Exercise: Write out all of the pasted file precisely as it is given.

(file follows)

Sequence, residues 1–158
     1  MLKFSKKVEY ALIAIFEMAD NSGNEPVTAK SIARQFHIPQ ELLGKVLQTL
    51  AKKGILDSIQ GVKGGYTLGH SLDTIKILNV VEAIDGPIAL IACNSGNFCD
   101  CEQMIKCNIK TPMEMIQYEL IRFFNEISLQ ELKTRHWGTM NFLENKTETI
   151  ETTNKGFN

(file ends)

Sequence, residues 1–158
     1  MLKFSKKVEY ALIAIFEMAD NSGNEPVTAK SIARQFHIPQ ELLGKVLQTL
    51  AKKGILDSIQ GVKGGYTLGH SLDTIKILNV VEAIDGPIAL IACNSGNFCD
   101  CEQMIKCNIK TPMEMIQYEL IRFFNEISLQ ELKTRHWGTM NFLENKTETI
   151  ETTNKGFN